Living With a Computer

If I were looking for a simple program, I’d stick with The Electric Pencil—which I am forced to do in any case, since nothing new on the market will run in my poor obsolescent SOL. Or I might choose Magic Wand, which is simpler to use than many of today’s complicated programs. If you’re looking for sophistication, I’d suggest you pass by WordStar to choose between two other programs. One of them, Perfect Writer, is available by mail from Perfect Software, Inc., 865 Conger Street, Eugene,Oregon 97402. (The other programs are available from computer stores for prices between $200 an ‘ d $400.) It is so sophisticated that one might as well be operating a nuclear reactor, but it does things I’ve seen nowhere else. For example, it allows you to divide the screen with a horizontal line, display one document in the top half and another in the bottom, and move material from one document to the other. It also has a bigger variety of printing formats than most other programs.

The other choice would be Scripsit 2. 0, which is put out by Radio Shack and runs on its TRS-80 Model II computer. (Confusing nomenclature: the TRS-80 Models I and III are the cut-rate versions, while the Model II is the serious business machine.) I had snobbishly resisted Radio Shack because of the low-rent appearance of its products, but I was forced to the conclusion that, all in all, Scripsit is the best program on the market. To give one example, it allows you to program up to twenty keys with your own commands. If you press one key, it might print your return address in the upper corner of the page; press another, and it can perform a search-and-replace routine you often use. Like many other programs, Scripsit can also include a spelling-checker, which proofreads documents and is a godsend to the careless typist.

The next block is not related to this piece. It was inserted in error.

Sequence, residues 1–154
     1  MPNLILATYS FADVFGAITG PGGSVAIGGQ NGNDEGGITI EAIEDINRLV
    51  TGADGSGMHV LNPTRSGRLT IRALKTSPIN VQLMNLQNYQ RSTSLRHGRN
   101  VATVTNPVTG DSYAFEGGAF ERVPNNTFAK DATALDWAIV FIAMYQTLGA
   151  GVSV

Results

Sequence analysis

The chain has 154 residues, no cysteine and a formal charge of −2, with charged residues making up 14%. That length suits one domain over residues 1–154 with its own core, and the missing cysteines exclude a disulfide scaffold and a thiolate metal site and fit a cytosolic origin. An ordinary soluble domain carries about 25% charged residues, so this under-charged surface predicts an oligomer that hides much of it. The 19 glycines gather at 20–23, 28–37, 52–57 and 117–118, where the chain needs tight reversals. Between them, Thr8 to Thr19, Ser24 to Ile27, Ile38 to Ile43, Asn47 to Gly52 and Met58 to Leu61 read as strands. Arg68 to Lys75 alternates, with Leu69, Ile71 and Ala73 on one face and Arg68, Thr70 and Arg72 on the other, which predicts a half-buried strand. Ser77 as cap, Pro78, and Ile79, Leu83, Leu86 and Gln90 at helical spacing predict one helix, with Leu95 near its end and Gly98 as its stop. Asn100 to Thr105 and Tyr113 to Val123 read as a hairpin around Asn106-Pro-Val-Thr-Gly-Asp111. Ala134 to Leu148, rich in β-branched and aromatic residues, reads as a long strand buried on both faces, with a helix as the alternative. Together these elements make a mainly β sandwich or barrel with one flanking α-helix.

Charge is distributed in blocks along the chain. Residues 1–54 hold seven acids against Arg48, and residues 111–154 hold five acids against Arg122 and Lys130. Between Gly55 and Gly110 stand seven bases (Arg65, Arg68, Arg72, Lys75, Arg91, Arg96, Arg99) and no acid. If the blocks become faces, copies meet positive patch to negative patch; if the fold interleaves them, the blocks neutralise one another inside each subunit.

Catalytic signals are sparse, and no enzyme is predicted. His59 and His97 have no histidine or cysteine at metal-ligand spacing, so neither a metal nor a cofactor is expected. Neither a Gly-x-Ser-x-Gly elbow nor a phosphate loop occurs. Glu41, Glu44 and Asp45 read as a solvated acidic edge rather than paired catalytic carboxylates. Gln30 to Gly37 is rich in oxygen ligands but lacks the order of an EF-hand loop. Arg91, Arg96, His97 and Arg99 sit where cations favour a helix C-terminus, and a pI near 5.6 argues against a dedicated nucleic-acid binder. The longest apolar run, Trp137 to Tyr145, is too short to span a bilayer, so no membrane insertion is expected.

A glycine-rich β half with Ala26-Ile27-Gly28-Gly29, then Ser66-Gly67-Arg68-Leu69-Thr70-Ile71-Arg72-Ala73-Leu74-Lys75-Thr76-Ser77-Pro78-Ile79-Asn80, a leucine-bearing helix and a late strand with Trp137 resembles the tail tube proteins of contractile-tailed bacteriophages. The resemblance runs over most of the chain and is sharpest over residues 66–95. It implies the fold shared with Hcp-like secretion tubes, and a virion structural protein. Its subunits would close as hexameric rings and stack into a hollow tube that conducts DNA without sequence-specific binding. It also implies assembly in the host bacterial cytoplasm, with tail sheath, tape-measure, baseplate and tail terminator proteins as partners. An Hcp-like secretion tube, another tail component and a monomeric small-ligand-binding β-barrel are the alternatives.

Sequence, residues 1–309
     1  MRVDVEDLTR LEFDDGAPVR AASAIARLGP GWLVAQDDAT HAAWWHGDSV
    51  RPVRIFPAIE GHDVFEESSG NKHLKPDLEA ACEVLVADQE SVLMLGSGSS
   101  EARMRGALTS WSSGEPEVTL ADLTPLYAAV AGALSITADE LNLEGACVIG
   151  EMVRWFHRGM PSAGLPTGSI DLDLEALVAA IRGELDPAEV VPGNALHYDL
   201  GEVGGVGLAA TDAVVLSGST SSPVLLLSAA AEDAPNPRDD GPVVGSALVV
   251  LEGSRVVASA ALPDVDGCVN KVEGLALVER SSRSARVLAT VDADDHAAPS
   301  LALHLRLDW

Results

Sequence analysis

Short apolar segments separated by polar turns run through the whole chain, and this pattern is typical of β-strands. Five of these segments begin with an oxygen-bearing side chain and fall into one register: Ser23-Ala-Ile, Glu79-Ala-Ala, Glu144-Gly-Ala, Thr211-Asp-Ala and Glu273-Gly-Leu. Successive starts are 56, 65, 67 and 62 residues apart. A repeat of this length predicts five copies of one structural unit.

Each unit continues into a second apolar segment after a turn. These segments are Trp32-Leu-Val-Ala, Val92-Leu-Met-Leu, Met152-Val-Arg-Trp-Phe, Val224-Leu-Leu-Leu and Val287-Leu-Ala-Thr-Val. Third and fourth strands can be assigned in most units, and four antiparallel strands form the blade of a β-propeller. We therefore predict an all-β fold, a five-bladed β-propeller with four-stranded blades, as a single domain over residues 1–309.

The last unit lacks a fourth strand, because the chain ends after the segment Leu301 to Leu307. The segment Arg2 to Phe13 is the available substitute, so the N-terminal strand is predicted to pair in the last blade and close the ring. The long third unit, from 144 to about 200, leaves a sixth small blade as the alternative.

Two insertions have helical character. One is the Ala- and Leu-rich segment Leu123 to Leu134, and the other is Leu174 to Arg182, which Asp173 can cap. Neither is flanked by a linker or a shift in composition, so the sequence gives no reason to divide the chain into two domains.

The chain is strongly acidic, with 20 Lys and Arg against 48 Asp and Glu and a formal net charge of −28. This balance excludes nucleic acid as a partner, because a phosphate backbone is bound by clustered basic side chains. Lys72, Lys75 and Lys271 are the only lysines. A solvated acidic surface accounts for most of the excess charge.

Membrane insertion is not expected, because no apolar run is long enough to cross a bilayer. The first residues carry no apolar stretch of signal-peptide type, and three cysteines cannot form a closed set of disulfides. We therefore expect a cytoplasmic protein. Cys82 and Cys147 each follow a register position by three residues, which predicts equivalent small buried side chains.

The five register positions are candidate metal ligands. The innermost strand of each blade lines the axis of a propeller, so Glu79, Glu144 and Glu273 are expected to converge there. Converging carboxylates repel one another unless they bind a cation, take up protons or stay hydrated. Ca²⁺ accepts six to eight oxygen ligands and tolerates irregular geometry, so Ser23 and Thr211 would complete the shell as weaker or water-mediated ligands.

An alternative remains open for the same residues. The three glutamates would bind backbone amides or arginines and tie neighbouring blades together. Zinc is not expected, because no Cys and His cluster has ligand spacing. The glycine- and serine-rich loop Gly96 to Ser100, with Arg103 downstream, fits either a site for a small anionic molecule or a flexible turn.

My Picks: If money were no object, I’d buy an IBM Displaywriter, which is the prettiest of all the models and has the simplest commands.

Money being an object, I would vacillate helplessly among the TRS-80 Model II with an extra 8″ disk-drive and Scripsit 2.0, the Xerox 820 with two 8″ drives and Perfect Writer, and the DECmate. And yet, a year from now, when its software has caught up with it, I’d expect to be choosing the IBM Personal Computer. If I received a small bequest, I’d also buy an Osborne I—if the bequest were large, an Otrona—to take on the road. For any of these systems (not including the Osborne), I’d spend no more than $6, 000, or half as much as for the Displaywriter.

Godspeed as you follow this advice; meanwhile, I’ll be spending nothing, sticking with SOL and The Electric Pencil, and hoping for a world in which my sons can grow up to have a better computer than their father had.

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